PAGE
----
Reseach Happy Hour
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The Research Happy Hour (RHH) series of talks and discussions explores breakthrough discoveries, cutting-edge research methods, novel developments, and interesting perspectives: ideas that might inspire research projects.

The meetings have an informal style and aim at 50% time for discussion. Typically, speakers take questions during the presentation, and the host moderates the discussion. This format has been very successful, engaging, and inspiring for the participants. It allows us to gain insights beyond traditional talks. Some people may know this format as the style of the legendary flow-volume-underworld meetings.

Organized and hosted by: Tilo Winkler & Zhongcong Xie


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Wednesday, April 17, 2024, 5:30 PM – 6:30 PM EDT
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David W. Kaczka, M.D., Ph.D.
Gilbert E. Kinyon Professor, Departments of Anesthesia, Biomedical Engineering, and Radiology, University of Iowa, Iowa City, Iowa
Mechanical Ventilation of the Injured Lung: A Quantitative CT Imaging Assessment
Conventional strategies for protective mechanical ventilation in injured lungs rely on positive end-expiratory pressure to limit derecruitment and low tidal volumes or driving pressures to limit overdistention. In injured lungs, it has been demonstrated that using multiple superimposed frequencies, termed “multi-frequency ventilation” (MFV), results in a more even ventilation distribution consistent with regional mechanical properties. In this presentation, Dr. Kaczka will discuss the theoretical rationale for using MFV in structurally heterogeneous acute lung injury and demonstrate the mechanisms by which MFV improves regional ventilation distribution, aeration, and lung parenchymal strain. The assessments are based on dynamic xenon-enhanced computed tomographic imaging and four-dimensional image registration. These pre-clinical studies of MFV may establish the foundation for further explorations of novel ventilation modalities in a broad range of patients with acute respiratory failure.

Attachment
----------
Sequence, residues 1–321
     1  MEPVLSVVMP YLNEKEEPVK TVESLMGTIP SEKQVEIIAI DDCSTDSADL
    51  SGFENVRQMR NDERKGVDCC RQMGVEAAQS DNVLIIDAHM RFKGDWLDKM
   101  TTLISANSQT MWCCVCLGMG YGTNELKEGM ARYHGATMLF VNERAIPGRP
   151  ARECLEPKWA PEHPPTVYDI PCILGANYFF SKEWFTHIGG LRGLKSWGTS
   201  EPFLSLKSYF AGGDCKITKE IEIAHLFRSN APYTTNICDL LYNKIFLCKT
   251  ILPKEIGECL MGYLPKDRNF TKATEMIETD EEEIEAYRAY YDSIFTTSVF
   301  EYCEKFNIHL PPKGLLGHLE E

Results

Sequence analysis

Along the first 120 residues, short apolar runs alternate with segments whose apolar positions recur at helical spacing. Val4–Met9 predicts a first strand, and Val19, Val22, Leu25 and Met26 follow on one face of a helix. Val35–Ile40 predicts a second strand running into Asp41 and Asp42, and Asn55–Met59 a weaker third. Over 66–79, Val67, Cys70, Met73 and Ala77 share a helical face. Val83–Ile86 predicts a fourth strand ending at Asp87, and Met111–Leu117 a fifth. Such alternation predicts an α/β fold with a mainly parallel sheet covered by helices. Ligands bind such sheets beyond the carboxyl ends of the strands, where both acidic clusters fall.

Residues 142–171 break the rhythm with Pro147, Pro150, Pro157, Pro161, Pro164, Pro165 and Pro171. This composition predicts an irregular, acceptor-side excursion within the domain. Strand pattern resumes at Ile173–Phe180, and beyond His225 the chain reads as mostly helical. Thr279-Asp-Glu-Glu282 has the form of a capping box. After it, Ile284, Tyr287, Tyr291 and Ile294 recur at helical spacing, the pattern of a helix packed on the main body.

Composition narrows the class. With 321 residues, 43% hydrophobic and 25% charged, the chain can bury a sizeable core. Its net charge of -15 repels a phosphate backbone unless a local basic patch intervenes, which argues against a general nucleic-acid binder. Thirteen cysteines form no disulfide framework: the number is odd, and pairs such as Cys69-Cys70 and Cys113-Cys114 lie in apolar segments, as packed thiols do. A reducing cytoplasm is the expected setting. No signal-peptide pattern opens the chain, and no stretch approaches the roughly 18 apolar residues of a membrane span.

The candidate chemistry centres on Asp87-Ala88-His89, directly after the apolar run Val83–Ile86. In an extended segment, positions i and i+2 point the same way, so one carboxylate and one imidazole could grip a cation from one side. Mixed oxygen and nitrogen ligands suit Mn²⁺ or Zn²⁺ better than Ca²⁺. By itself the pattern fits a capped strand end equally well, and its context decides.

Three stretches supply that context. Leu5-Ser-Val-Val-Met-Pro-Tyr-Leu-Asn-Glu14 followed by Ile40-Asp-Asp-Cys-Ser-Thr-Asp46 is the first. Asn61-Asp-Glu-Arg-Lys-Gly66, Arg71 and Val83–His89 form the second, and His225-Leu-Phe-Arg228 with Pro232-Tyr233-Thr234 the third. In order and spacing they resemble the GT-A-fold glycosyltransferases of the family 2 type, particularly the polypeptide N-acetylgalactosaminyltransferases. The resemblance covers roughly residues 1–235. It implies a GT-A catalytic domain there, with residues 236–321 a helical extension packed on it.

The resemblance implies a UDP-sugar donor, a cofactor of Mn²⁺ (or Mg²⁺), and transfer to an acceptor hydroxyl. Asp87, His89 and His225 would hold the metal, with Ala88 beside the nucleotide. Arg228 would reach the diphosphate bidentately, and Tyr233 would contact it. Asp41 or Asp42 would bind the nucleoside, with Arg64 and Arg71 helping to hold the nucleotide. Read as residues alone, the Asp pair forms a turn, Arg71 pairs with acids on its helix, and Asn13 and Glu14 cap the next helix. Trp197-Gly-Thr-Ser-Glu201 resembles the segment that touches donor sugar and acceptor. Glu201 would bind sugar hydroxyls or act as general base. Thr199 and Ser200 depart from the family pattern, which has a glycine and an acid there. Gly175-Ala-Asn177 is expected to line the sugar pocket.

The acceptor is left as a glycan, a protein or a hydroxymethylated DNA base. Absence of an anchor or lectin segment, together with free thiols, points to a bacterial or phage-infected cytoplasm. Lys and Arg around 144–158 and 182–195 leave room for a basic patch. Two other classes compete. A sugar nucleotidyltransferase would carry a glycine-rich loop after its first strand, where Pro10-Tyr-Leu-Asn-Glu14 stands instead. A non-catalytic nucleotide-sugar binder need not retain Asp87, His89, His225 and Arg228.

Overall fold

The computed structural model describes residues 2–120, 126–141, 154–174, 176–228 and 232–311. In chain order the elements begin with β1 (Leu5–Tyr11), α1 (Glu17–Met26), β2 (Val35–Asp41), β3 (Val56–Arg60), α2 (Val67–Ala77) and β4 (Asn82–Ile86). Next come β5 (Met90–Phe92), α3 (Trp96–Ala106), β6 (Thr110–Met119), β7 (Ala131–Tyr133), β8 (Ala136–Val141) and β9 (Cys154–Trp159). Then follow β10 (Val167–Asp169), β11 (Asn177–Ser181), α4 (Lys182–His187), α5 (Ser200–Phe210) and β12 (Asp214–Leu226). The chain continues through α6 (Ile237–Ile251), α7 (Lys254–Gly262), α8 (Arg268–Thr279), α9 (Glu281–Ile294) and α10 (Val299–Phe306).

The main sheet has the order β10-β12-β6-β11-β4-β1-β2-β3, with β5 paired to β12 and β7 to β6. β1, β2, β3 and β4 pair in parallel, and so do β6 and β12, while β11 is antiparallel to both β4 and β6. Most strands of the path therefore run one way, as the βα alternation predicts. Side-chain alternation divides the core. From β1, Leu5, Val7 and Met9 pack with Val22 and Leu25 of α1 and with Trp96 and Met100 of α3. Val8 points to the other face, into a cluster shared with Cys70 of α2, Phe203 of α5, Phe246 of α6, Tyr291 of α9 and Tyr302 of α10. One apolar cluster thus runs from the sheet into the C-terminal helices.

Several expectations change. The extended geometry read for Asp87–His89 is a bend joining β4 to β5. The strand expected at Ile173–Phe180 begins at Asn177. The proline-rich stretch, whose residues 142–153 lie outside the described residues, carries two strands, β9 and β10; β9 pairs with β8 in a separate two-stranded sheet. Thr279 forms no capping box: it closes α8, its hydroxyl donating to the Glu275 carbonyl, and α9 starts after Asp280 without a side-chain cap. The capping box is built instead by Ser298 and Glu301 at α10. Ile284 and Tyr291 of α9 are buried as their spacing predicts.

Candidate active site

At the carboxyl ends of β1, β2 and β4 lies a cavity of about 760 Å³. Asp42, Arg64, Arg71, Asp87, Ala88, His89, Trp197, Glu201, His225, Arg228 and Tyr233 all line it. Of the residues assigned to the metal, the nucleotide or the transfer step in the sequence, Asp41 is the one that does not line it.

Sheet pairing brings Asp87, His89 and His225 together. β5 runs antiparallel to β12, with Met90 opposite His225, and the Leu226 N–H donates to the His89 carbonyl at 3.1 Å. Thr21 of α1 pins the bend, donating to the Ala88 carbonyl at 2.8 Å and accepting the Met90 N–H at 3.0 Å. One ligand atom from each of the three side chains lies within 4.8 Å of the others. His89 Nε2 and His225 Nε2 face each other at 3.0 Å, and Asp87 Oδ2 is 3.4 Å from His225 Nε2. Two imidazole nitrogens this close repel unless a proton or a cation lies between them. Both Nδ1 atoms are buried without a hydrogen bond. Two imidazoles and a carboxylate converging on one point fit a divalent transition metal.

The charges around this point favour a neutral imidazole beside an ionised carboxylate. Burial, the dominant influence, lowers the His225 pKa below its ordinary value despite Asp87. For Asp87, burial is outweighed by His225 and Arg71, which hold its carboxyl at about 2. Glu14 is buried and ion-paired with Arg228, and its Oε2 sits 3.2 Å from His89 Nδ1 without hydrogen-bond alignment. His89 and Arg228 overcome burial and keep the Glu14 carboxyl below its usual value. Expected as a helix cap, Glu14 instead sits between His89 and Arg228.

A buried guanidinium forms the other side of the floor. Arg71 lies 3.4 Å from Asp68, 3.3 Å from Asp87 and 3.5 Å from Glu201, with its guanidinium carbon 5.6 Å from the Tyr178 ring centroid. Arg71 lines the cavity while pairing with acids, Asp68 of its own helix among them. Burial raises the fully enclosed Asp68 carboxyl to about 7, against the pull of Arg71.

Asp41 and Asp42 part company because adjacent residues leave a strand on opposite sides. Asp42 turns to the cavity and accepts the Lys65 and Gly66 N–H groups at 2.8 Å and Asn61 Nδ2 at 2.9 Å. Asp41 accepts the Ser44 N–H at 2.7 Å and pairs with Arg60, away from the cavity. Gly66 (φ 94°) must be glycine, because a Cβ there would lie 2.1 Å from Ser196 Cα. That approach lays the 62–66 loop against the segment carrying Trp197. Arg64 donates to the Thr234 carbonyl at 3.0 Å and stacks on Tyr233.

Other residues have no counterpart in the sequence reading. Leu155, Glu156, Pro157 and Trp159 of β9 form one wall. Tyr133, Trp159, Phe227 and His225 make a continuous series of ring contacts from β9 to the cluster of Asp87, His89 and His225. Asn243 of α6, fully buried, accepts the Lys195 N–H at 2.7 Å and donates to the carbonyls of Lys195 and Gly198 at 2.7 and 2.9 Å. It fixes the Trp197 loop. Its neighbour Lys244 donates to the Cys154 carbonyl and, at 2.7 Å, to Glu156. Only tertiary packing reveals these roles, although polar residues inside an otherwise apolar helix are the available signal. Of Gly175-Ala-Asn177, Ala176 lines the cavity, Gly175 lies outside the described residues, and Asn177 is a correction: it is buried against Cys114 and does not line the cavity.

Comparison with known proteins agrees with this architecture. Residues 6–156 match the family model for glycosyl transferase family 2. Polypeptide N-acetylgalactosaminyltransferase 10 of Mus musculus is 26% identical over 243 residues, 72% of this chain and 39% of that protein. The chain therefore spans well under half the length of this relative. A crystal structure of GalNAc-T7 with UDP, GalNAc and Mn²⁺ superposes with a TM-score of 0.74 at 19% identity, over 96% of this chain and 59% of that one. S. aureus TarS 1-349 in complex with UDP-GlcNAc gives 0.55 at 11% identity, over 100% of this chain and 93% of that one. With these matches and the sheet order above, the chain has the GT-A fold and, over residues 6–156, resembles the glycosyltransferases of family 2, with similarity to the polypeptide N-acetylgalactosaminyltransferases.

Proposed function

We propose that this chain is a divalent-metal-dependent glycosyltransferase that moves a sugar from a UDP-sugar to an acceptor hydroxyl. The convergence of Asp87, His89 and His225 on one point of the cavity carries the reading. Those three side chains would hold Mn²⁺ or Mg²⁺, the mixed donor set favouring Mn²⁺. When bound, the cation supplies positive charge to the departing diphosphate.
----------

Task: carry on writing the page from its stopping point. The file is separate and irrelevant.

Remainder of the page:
Wednesday, February 28, 2024, 5:30 PM – 6:30 PM EST
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Jesse D. Roberts Jr., M.D. M.S.
Associate Professor of Anaesthesia at Harvard Medical School, Pediatric Anesthesiologist and Associate Anesthetist at Massachusetts General Hospital (MGH), DACCPM, Principal Investigator, MGH Cardiovascular Research Center, Scientist in MGH Dept of Medicine, Division of Cardiology
Targeting transforming growth factor-beta (TGFb) to protect the development of the injured newborn lung
Many forms of injury to the newborn lung can cause abnormal extracellular matrix assembly, dysplastic alveolar formation, and derail normal vascular development. These processes lead to pulmonary airway and vascular disease, and to death or life-long disability. Although studies in relevant newborn animal models suggest that several mediators might play a role in the evolution of this disease, few exhibit the potential for specific therapeutic targeting and in vivo assessment. In this talk, I will present our work indicating that TGFb is activated in the injured mouse pup lung, how targeting it with neutralizing antibodies protects pulmonary development, and how our new insights into pathogenic TGFb mechanisms in the newborn lung allow us to develop a molecular probe that can detect its activity in vivo.
Wednesday, January 24, 2024, 5:30 PM – 6:30 PM EST
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Chantal Darquenne, Ph.D.
Professor of Medicine, Division of Pulmonary, Critical Care and Sleep Medicine at the University of California, San Diego
Pulmonary aerosol deposition in health and disease: insights from in-silico modeling